It is the stuff of sci-fi legend. Star Trek’s Bones McCoy wielding his hand-held “Tricorder” to check a patient’s condition before uttering impatiently, “Dammit Jim, I’m a doctor, not a miracle worker.” Soon enough, doctors, nurses, and patients might have access to a Tricorder of their own. The X Prize Foundation, a non-profit aimed at spurring innovation through competition, recently announced a $10-million prize to the team that manages to create a real medical Tricorder device. It might sound far-fetched, but the X Prize has already proven it can turn science fiction into reality: the Ansari X Prize, in 2004, inspired the first-ever launch of a private spacecraft, SpaceShipOne.
The Qualcomm Tricorder X Prize (sponsored by the Qualcomm Foundation, part of Qualcomm Inc., the mobile technology firm) doesn’t specify what the device should look like or how it should work, but it must weigh five pounds or lighter, and it should be able to capture certain “key health metrics” like blood pressure and respiratory rate, and diagnose 15 diseases (as yet unnamed). The winner will be announced sometime in 2015, and over 100 teams are already participating.
Using prizes as an incentive can boost spending and investment far beyond the actual value of the prizes. In 1927, Charles Lindbergh became the first person to fly non-stop between New York and Paris, winning a $25,000 purse put up by hotelier Raymond Orteig. A total of nine teams competed to cross the Atlantic, cumulatively spending $400,000, and laying the foundation for today’s modern aviation industry. And the Ansari X Prize saw fledgling space companies take off, too: the technology created for SpaceShipOne is now being developed for Virgin Galactic and its commercial suborbital spaceplane SpaceShipTwo.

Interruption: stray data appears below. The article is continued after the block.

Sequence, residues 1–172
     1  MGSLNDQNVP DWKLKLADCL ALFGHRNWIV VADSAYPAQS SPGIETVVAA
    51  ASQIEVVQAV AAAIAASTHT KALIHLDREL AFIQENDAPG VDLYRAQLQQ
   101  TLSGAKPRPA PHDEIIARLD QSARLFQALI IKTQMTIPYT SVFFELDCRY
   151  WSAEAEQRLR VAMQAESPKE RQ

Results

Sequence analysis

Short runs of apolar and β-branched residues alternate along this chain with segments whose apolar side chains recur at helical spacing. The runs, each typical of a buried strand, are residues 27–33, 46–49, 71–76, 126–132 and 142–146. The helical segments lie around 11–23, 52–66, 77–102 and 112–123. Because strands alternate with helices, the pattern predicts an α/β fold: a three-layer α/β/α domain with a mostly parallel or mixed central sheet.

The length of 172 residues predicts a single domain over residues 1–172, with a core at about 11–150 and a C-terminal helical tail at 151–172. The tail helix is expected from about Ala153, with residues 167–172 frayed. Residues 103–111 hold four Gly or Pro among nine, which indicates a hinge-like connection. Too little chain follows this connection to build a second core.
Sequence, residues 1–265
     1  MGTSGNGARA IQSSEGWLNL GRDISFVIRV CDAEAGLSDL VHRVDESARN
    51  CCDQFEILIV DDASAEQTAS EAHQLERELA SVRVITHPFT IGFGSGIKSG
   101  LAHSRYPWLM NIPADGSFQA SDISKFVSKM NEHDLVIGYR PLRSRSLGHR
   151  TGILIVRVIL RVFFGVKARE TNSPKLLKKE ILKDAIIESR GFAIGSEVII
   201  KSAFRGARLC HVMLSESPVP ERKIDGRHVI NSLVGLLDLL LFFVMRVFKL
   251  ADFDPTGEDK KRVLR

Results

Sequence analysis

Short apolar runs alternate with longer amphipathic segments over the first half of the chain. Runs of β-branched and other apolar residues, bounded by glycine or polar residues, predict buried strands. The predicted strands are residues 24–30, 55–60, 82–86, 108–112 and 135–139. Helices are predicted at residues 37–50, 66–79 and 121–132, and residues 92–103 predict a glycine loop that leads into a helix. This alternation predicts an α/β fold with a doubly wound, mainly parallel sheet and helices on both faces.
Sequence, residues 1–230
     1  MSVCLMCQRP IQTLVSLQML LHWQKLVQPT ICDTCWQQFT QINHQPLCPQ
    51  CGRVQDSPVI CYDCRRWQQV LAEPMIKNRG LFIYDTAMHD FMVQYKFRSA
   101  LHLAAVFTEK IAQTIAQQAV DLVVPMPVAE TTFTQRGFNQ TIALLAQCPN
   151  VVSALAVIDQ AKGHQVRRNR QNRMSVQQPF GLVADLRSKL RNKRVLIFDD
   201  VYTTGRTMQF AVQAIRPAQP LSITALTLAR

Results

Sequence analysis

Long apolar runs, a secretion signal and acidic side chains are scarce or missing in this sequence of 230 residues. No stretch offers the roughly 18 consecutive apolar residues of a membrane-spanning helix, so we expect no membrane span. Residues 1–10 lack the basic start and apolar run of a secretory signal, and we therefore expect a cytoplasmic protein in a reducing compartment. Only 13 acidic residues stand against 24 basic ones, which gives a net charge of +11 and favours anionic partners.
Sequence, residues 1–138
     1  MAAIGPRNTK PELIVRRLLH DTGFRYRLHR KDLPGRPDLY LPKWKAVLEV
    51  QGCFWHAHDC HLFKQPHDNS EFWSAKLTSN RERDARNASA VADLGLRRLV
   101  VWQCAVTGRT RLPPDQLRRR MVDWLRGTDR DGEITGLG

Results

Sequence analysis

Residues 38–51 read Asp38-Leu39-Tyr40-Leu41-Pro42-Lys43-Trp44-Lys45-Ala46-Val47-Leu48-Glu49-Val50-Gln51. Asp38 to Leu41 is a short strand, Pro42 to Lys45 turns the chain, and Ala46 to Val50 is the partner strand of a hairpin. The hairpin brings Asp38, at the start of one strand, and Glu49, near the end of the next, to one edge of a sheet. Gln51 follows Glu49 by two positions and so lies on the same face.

The U.S.-based X Prize Foundation aims to address what it calls our “grand challenges,” which could range from education initiatives to life sciences and deepspace exploration. As for the medical Tricorder, it is a natural step in the health care industry, says Eileen Bartholomew, vice-president of prize development at X Prize; she compares it to the transition from visiting a bank teller to online banking from home. At the moment, “if you’re alone at 2 a.m. and don’t feel well, you’ve got a mercury thermometer and a telephone, and that’s it,” Bartholomew says. A Tricorder device “isn’t to replace a doctor; it’s to drive a patient to the best point of care,” she continues. It could be used by doctors and nurses, but the goal is to get it in the hands of consumers. “We don’t want this to be usable only by someone with a degree. We want it to be used by many, many people.”
Looking for more?
Get the best of Maclean's sent straight to your inbox. Sign up for news, commentary and analysis.